What It’s Like To Be A WFH Mom During Quarantine

By Sara Levine | May 8, 2020

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At Betches, we’ve been working from home for 45 days and counting. And while everyone is starting to go a little stir-crazy from the lack of human interaction, and we’re all probably sick of Zoom meetings, what makes WFH different for me (and any parent) is working from home with a toddler. We’re talking about a whole new idea of annoying coworkers here. Don’t get me wrong, I love all of this extra time with my son and husband, but all of the memes about hiding in the closet or bathroom are real.

I’m 31 years old, and the Art Director at Betches Media, and I have a beautifully energetic 22-month-old son, Oliver.

All I see on social media is what to do with this newfound time that quarantine has given people—baking artisanal bread, learning a new language, painting a mural on your living room wall. Meanwhile, I’m over here just trying to find time to make myself lunch. Our day starts at a bright 6am most mornings, which I have to admit, are my favorite. We all wake up happy, pre-anxious meltdowns, ready to start our day. My husband usually works out while I take Oliver downstairs to eat breakfast and get a couple of minutes to catch up on some emails or the news.

After my 20-ish minutes of zen, Oliver is READY. Think about a wind-up toy that’s just running in all directions. I try to stay away from the TV as much as possible, so the morning is usually arts and crafts time where I can give him most of my attention so he doesn’t redecorate my house with red crayon (again). After that, I turn on Paw Patrol and hope we get a good hour of TV babysitting time while he plays with his toy cars.

My day-to-day as Art Director usually consists of meetings with team members and other departments about current and future projects. I work closely with our content, video, ecommerce, sales and marketing teams (in other words, every team at Betches). In between meetings, I am designing on the computer—usually logos, decks, Instagram posts, and new graphics for our shop website. Keep in mind I have to actually focus while I’m designing. So throwing a toddler into this schedule is a bit like throwing a puppy into a yoga class. 

In normal life, my husband and I commute into the city and my son goes to daycare. He gets to socialize with kids his age, be constantly engaged in learning new things, and have teachers deal with the crazy little people. Now, I am the teacher, friend, chef and mother. I try to make time through the day to engage with Oliver and give him undivided attention, but more than I’d like to admit, my computer takes priority. But I still try to find small ways to interact with him, like thinking of times when I can take voice calls instead of video so I can run around the backyard with him or take him for a walk to get some fresh air. (Bonus: it’s exercise, right?)

Aside from the obvious frustrations of WFH while mothering, there are so many new issues that have come up that you don’t see on the surface that a lot of parents are dealing with right now. As someone who has battled with a generalized anxiety disorder for half of my life, current events have only amplified this problem. Will my coworkers understand why I’m not answering them right away or why there’s a small person in all of our meetings pulling me in another direction yelling “come on, mama”? I’m also constantly worried that this will affect Oliver’s intellectual growth, social skills, and attachment to me and my husband. This is a crucial time in Oliver’s development, so I find myself Googling sensory activities and watching all of the Insta moms make this sh*t look easy. But I will say, everyone can have their artisanal bread… I’ve fully mastered playdough.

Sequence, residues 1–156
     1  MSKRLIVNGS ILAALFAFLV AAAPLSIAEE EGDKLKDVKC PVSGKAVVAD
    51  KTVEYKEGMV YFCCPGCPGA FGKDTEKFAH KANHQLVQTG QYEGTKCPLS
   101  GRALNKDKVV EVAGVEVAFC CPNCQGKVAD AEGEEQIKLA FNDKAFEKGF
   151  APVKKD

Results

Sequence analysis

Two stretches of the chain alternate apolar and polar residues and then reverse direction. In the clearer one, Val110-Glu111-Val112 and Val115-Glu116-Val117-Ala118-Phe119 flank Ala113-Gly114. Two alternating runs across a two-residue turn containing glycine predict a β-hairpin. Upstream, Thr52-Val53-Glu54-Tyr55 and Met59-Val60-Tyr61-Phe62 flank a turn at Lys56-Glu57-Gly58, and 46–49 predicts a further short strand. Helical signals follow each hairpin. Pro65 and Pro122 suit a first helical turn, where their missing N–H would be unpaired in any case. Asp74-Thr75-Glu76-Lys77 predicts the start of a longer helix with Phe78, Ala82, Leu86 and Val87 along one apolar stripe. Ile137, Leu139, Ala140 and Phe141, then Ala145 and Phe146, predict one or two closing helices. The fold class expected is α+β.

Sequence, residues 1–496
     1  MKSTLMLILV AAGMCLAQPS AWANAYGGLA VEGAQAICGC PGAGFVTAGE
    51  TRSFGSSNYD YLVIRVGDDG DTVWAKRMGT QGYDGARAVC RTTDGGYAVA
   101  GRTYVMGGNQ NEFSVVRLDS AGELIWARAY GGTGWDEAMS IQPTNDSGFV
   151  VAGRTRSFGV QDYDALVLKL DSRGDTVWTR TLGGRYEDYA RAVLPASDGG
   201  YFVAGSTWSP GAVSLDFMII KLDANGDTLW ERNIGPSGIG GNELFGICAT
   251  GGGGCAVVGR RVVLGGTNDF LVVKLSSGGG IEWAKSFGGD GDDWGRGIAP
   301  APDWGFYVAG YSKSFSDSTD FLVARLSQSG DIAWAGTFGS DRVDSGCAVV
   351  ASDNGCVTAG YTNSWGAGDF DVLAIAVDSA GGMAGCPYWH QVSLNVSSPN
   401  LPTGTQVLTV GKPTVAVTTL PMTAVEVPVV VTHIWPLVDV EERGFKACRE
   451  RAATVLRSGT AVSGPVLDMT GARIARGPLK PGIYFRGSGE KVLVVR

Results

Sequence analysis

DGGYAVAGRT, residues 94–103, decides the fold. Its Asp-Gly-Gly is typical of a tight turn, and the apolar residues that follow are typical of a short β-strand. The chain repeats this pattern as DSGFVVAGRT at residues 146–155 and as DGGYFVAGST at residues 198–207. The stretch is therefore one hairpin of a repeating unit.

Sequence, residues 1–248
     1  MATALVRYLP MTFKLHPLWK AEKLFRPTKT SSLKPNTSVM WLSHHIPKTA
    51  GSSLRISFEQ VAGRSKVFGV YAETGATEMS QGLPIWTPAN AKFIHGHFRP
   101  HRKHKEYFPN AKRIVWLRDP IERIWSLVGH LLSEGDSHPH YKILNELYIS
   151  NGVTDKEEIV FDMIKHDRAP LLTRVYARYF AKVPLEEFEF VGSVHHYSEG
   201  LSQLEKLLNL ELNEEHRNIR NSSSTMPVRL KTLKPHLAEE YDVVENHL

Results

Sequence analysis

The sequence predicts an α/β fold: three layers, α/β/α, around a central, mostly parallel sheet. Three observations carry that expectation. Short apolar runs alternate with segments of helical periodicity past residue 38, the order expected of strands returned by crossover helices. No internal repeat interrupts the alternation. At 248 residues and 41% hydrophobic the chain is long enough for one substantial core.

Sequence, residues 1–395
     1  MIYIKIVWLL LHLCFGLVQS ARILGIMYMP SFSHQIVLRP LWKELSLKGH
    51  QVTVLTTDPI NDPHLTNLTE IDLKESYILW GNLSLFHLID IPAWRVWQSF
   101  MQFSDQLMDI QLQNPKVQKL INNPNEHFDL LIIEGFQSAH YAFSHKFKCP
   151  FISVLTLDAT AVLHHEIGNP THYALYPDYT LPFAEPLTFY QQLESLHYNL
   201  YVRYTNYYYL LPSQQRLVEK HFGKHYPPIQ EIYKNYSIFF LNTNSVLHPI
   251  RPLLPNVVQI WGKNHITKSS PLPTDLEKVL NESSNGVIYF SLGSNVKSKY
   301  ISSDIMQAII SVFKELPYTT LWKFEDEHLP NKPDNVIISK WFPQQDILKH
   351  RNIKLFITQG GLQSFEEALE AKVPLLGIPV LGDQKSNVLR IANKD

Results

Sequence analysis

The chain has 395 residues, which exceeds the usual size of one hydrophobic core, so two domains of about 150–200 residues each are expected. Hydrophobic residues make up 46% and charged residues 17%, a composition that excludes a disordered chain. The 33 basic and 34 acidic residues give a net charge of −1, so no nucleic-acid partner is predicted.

While I’m grateful to have my husband to share parenting duties, he and I are in what feels like a constant battle of who’s “busier” and who needs to be watching Oliver. My husband works full-time in tech sales running a team and is on Zoom calls literally all day. He is very involved and does what he can, but his idea of “watching” Oliver is putting the TV on. (Ok fine, he takes him outside sometimes too.)

When all of the obvious problems started to arise, we also had to deal with f*cking sleep issues. I thought sleep training was left back in 2018 when my son was first born. We had to re-sleep-train Oliver to nap in his crib and stay asleep in the middle of the night. We went over a month of sleepless nights. So we were both cranky from not sleeping and we still had to do the day all over again. Luckily we contacted a sleep consultant ($250 later) and after a week we were back on track. Toddlers really need their schedule, and his was turned completely upside down.

While most days It feels like I’m on a sitcom rerun of some messed-up Twilight Zone babysitters club, I still appreciate this time I get to spend with my family. This has all taught me so much about motherhood, and I have so much more respect for stay-at-home moms and teachers. Working from home with my toddler has given a whole new meaning to work/life balance. I am so grateful to be a part of a company that empowers me as a working mother, and I’m ok with working until 11pm to finish projects because I know I’ll never have this amount of quality time with my son again. 

If you’re someone who is right alongside me with this, the best advice I could give is to plan with your significant other the night before on who has meetings when. Understand your child’s attention span and plan for different activities where you could both sit there with them, and get some work done. And sometimes, when it’s all too much, just turn on music and have a dance party, it’s a way better outlet than getting angry or frustrated. 

Images: Brittany Levine